Implementing a rewarding maintenance program aligned with RCM endeavors and supported with good, useful data is NOT DIFFICULT but for some reason it seems to be. From my view point, the reason is more of a human issue. “Getting work done is easy, getting people to do this work or to buy into the program can be the difficult part”.

As Einstein stated “We cannot solve our problems with the same thinking we used to create them”! … we have to think at a level higher than the problem!!!!!!

Let me be candid.

First off, I have solicited information regarding basic useful KPIs from various websites/people and for some reason this question resulted in quite a few great responses but still not a list of KPIs.

Here is what I have a hard time wrapping my head around. Are we all so different that we do not want to receive the same end results?

Are we not all interested in PM optimization, Defect Elimination, and an efficacious Planning and Scheduling System? If so, would it be fair to say that all of us would also benefit from the same type of simple KPIs to work with?

Stephen Covey has taught us to start any desired goal with the “END IN MIND”. Isn’t this the mindset that MAKES SENSE to determine what reports /KPIs we would need to support or manage our businesses better?

In addition, if we know what reports / KPIs we need does it MAKE SENSE that we would than determine what information/data input would be needed to support these reports?

If what I have stated seems logical than why am I finding so many plants and people who DO NOT know what they want, BUT will tell you what they DON’T WANT OR LIKE?

I have recently been analyzing CMMS data for 6 different plants within the corporation I work for. Here is what I am finding

  1. PM data indicating many PMs associated to, what is termed as, a floating PM system. This type of PM scheduling system may have its place but this is, in my opinion, turning a proactive system into a reactive system especially since a couple of the plants are using this PM rule for 90% of their inspections.

     

  2. Mindsets in place whereby people believing that a monthly PM inspection (one example) allows for a 30 day timeframe to complete the inspection prior to the next PM generated PM work order.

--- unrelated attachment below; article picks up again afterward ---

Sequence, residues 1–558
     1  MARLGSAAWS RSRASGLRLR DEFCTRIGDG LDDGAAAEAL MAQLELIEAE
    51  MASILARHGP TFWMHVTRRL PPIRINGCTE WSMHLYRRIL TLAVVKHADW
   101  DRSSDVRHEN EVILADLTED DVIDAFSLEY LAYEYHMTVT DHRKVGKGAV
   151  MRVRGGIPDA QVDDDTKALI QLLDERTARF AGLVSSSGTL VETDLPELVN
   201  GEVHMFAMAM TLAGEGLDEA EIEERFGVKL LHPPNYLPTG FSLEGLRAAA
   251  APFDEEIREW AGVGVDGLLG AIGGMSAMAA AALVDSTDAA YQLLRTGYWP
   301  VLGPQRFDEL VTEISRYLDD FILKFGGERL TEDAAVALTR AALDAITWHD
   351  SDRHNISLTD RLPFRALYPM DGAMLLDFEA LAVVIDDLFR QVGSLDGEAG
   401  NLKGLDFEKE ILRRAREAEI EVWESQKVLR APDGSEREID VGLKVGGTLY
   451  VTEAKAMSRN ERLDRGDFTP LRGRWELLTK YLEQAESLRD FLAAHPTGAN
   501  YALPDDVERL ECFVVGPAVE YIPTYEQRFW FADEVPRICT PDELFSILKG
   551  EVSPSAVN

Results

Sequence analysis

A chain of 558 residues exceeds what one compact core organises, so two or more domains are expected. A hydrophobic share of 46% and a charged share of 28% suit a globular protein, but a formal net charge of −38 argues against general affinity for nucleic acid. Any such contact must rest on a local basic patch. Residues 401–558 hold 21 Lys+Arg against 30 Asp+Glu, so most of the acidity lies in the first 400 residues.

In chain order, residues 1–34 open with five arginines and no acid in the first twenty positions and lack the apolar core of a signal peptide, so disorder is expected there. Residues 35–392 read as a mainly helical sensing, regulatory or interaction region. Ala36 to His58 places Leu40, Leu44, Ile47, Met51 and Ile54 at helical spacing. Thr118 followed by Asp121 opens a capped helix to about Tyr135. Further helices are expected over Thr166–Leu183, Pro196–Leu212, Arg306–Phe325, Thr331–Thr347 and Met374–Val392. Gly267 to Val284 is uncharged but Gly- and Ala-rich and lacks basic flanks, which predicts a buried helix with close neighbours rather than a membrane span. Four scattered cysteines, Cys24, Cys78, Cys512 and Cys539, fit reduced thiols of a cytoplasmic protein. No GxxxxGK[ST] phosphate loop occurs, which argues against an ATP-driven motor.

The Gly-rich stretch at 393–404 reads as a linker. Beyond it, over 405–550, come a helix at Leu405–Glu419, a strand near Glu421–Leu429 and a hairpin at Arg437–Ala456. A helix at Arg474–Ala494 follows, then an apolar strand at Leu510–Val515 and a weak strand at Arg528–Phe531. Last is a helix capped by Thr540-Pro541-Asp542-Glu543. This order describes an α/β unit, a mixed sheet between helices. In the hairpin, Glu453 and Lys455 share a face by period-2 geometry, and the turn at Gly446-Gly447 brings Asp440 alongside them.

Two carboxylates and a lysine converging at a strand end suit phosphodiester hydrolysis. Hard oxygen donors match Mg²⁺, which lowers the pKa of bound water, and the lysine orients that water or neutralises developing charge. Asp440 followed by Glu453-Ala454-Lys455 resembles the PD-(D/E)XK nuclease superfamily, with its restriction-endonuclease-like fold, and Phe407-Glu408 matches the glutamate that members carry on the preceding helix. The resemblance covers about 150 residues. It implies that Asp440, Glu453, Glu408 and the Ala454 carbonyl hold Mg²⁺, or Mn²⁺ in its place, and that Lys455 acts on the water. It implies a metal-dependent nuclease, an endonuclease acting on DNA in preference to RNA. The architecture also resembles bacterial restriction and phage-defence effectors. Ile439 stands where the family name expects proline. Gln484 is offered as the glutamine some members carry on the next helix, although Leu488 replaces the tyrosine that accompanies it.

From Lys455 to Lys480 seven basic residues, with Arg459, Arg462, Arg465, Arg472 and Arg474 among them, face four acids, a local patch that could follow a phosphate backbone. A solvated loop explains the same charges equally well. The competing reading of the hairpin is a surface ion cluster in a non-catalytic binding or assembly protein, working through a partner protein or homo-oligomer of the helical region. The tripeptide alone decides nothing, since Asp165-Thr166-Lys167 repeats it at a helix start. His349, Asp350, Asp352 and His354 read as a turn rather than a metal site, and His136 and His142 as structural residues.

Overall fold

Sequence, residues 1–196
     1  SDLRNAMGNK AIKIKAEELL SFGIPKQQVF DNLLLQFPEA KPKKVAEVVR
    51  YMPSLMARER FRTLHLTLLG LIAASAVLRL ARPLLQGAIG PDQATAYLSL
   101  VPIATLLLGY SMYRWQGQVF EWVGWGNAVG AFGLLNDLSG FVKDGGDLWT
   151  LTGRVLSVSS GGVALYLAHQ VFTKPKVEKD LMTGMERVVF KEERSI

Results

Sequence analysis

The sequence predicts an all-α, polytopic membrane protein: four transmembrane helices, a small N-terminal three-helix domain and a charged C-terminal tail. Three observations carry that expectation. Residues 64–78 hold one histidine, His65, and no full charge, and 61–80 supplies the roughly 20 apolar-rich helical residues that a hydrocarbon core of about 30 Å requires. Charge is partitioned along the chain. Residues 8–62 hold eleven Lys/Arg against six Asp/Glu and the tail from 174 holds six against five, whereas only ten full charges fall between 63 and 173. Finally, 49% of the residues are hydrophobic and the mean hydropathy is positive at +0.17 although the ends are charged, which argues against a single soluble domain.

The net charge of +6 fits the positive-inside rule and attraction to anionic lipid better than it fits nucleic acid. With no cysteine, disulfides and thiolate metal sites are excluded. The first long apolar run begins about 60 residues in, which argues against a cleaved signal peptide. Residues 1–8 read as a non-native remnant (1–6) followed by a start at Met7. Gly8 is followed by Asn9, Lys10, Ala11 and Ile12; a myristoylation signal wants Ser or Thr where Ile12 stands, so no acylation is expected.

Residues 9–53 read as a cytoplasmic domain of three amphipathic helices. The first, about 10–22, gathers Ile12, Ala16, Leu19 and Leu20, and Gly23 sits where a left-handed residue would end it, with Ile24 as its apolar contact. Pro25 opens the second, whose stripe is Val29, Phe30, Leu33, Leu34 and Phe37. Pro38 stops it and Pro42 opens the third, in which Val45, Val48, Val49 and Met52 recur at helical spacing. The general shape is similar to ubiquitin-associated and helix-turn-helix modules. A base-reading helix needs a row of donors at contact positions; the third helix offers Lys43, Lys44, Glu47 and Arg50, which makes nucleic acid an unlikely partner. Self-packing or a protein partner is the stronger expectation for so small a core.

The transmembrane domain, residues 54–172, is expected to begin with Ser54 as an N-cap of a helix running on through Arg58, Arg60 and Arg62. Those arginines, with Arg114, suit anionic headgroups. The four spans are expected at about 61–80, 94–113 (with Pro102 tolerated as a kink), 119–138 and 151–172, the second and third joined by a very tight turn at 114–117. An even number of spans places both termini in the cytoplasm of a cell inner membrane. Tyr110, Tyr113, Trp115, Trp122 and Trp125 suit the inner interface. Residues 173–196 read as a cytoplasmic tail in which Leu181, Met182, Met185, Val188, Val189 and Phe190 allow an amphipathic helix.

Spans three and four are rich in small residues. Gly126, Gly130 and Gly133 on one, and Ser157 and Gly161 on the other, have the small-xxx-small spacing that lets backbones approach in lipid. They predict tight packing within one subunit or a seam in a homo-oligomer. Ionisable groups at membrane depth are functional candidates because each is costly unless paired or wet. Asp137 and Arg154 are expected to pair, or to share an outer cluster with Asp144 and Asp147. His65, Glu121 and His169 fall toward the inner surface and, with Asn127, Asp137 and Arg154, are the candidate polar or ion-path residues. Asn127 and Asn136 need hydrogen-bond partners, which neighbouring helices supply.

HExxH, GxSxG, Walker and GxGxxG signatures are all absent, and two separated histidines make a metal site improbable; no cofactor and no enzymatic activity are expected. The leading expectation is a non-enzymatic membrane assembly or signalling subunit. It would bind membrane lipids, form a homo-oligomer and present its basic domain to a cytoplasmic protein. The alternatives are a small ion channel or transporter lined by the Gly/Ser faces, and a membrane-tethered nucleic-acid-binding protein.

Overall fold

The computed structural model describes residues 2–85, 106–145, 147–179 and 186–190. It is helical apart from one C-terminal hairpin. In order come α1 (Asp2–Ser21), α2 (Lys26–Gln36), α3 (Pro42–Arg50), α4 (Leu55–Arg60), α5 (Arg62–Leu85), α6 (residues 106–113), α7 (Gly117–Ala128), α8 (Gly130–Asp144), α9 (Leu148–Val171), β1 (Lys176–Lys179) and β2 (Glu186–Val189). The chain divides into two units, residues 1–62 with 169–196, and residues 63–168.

1. SO, correct me if I am wrong, but would it make sense that almost all fixed scheduled PM inspection whether bi-weekly, monthly, and quarterly etc., BE COMPLETED within the first week of generation with a small buffer applied pending schedule rule? If we do not complete the inspection in the first week would this not defeat the PM scheduling Rule/period?

      2. ALMOST 90% Plus PM Inspection do not have any estimated inspection hours associated to the inspection procedure. How does this make any sense? I hear so many comments related to “WE NEED MORE MAINTENANCE STAFF” yet when I ask the question, what is the average time is spent on PM inspection daily/weekly, THE ANSWER … I DON’T KNOW!!!! … My response to this is usually an internal conversation with myself of “Seriously, are you kidding me?”

      3. Also, PM inspection procedure scheduled with generation dates / time frames based on NO STRUCTURE / ORDER. If we don’t have estimated hours associated to inspections to compare against total available maintenance labor hours, HOW ARE WE SUPPOSE TO BALANCE OUT WORK LOADS NOT TO MENTION CREATING A FOUNDATION FOR A PLANNING & SCHEDULING SYSTEM.

      4. Some the plants have 700 plus active pieces of equipment with approximately 200 active PMs. Now, not all pieces of identified equipment may require PM inspections but I would expect that each active piece of equipment would have more than 1 inspection schedule associated … such as a weekly, monthly, annual etc. Something is not making sense!

      5. In short, I would like to see more CBM type PM inspections in place but as you can tell, a culture of RCM and World Class Maintenance mindsets need to be instilled.

         

  3. Repair History codes structures limited and provide no structure or usable data. Just nothing in place to even remotely make effective improvements of any kind.

    1. One would think that it would be important to identify/classify a work order …. Ie PM, CM – Corrective Maintenance, BKD – Break Down or EM – Emergency Maintenance, S – Safety type work orders, PRJ – Projects etc.?

    2. Would is also make sense to create some BASIC REPAIR HISTORY via a simple data collection method? It DOES NOT have to be detailed but a simple codified program to start such as.

      1. Problem Category

      2. Problem

      3. Cause

      4. Action, Remedy or Resolve.

Now that I have vented my frustrations, I will follow up with another post as to were my project stands. Please feel free to provide your feedback!

Have a great day!

Jim